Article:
Reading gap feeds rich-poor divide, experts say


Libby Doggett, a deputy assistant secretary in the U.S. Department of Education

By Joe Lambe

Early childhood education has finally become a national movement and citizens should help make it happen here, experts said Monday.

It starts simple and costs little.

“Talk, Read, Play” with your child every day,” is the message they want carried citywide.

Federal and city officials, social service providers, policy makers and others were among those who met in Kansas City for what was called a conference and community conversation.

Mayor Sly James, who in 2011 started his Turn the Page KC reading program, spoke of the enemy – a 30-million-word gap between those heard by richer and poor pre-school children.

“We can overcome this void of words if we work together,” he said. “We know what needs to be done….”

lifelong-learning-curveChildren with more affluent professional parents by age 4 hear about that many more words on average than low-income children.

By age three, the vocabulary of the lower income children averages 500 words or less compared to 1,100 words for the high income children, said Judith J. Carta, director of early childhood research at Juniper Gardens Children’s Project at the University of Kansas.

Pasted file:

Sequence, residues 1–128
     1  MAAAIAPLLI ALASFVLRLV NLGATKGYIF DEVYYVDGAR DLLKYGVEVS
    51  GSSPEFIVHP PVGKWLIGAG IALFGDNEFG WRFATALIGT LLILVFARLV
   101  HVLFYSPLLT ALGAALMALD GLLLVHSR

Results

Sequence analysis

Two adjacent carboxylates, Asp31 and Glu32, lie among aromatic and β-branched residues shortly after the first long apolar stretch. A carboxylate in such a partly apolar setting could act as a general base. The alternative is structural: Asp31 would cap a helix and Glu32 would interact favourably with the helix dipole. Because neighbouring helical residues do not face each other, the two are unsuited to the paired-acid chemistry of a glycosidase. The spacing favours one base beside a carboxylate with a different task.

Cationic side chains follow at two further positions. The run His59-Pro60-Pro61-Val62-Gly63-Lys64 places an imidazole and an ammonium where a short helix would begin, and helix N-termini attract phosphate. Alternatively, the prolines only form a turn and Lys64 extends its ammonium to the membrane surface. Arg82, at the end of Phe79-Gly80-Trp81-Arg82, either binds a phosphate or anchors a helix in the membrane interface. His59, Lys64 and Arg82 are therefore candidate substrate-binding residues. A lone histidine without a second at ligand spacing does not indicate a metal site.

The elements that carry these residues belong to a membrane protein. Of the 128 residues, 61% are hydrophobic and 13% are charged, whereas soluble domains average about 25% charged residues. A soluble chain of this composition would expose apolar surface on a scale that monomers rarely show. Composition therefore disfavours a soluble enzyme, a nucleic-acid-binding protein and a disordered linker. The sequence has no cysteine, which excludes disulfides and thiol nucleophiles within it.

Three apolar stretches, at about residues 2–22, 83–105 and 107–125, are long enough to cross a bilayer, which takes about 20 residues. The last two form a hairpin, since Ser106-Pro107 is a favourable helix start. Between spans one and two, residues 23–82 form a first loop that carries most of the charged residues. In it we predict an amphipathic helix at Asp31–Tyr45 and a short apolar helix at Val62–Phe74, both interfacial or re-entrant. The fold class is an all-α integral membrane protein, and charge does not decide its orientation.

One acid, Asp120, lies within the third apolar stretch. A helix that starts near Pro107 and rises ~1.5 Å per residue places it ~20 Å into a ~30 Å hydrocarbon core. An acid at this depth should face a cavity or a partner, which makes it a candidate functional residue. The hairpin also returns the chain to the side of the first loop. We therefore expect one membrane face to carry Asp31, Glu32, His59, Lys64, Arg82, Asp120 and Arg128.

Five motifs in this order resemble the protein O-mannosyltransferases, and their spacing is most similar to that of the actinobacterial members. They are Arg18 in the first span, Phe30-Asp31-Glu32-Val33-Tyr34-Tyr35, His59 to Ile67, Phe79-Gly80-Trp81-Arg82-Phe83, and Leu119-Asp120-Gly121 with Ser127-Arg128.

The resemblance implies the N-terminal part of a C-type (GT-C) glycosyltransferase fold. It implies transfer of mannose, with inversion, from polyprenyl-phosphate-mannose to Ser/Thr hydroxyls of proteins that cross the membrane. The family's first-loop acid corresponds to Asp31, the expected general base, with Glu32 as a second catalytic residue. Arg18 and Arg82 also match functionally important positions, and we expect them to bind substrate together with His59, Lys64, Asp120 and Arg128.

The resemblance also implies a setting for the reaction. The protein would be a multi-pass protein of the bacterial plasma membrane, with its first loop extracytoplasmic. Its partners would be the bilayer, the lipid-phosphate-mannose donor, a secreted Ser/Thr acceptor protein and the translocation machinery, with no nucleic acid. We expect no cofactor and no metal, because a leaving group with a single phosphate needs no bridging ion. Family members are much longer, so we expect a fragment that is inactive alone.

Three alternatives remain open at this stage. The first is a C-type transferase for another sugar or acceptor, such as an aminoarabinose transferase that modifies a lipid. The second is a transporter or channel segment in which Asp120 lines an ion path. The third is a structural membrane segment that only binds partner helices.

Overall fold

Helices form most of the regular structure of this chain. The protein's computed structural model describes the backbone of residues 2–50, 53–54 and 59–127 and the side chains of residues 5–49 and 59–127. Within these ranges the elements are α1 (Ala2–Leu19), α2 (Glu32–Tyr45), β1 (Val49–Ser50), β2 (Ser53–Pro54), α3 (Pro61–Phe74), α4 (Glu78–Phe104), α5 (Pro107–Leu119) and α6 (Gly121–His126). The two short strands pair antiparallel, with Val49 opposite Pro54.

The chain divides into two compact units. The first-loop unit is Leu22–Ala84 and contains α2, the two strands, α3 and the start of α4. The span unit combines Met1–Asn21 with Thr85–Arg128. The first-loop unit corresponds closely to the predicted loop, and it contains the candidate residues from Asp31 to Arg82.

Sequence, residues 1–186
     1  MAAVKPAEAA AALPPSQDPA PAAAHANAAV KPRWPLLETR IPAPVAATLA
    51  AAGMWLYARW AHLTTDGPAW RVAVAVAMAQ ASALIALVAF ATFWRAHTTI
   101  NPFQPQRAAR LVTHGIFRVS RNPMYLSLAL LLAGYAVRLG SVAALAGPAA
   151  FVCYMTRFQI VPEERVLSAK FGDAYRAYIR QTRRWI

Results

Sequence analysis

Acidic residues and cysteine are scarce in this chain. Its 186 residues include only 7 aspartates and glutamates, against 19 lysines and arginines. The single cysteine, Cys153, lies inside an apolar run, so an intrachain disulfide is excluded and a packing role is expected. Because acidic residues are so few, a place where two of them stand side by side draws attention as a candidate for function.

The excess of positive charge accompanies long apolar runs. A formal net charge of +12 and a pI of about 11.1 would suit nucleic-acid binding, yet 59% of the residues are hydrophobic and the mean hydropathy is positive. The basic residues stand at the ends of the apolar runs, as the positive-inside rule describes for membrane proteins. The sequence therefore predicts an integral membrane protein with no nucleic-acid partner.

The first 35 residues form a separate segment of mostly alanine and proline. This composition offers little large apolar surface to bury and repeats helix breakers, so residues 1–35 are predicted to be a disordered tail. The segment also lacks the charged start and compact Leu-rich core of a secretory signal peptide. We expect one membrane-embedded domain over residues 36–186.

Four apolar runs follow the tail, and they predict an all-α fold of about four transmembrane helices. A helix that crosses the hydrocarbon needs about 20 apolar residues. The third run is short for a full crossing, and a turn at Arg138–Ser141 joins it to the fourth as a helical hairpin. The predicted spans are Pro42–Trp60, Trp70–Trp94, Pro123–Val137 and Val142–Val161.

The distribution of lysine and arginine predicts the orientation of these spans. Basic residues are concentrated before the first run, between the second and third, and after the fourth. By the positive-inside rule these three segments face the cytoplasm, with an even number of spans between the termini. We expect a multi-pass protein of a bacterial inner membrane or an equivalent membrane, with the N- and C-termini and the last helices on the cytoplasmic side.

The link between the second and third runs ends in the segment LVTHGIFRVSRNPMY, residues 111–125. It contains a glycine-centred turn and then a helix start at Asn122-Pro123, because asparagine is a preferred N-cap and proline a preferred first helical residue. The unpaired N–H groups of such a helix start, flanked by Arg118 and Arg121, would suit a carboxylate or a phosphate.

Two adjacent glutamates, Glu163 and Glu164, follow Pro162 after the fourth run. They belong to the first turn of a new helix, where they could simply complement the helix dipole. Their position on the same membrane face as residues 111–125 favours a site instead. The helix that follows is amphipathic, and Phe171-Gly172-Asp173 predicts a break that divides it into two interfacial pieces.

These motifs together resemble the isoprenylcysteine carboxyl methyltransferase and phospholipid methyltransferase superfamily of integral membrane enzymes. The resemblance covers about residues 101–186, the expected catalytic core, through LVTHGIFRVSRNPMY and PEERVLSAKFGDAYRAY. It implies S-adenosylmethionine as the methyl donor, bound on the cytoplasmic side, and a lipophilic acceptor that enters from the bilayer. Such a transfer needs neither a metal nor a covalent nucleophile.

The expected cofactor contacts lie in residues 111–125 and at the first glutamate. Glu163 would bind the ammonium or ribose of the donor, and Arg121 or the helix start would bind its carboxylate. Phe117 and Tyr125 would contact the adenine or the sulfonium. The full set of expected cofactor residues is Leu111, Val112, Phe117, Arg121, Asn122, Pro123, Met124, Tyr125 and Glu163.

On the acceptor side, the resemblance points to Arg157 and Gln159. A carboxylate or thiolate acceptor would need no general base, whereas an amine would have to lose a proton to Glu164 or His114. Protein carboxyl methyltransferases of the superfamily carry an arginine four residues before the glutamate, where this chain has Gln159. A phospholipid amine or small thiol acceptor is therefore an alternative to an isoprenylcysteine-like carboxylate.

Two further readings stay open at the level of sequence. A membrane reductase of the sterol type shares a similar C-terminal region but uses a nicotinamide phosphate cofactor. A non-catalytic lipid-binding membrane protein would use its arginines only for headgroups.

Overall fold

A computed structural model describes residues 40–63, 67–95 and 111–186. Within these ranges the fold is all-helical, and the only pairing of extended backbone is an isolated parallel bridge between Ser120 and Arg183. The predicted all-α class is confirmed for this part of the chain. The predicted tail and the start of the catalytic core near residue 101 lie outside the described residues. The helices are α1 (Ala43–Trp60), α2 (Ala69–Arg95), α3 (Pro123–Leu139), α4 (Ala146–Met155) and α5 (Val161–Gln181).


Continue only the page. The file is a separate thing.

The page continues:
That translates to disadvantages at school and in life, and politicians and others understand that now, she said.

“Finally people are getting it,” Carta said. “Essentially what we have is a growing movement.”

After three decades in the field, she said, “I think this is one of the most exciting times in early childhood learning I have ever experienced.”

Libby Doggett, a deputy assistant secretary in the U.S. Department of Education, said a recent poll showed 71 percent of people support more spending for early childhood education.

Rival politicians are fighting over which of them most supports it, she said, and political advisors are telling clients to take strong stands for it, especially if they run against women.

In state governments, many red states are leaders in attacking the problem, but Missouri is way down the list on expenditures and effort.

“You’re at a position where you’re behind and you need to catch up,” Doggett said.

But forget the state, she said. “Cities can’t wait for the federal government, we can’t wait for the states – we’ve got to keep pushing.”

So the call goes to everyone in the community.

“Schools can’t do this alone – we’ve got to pull in our partners,” she said.

Changes will come too slow as it is, Doggett said.

“This is a 10, 20-year campaign to figure out how we can do better …,” she said, and experts are watching things like the mayor’s reading program and the “Talk, Read, Play” effort.

Meanwhile, poor children grow older.

“Children who are poor readers by the end of first grade almost never achieve average reading by the end of elementary school,” Carta said.

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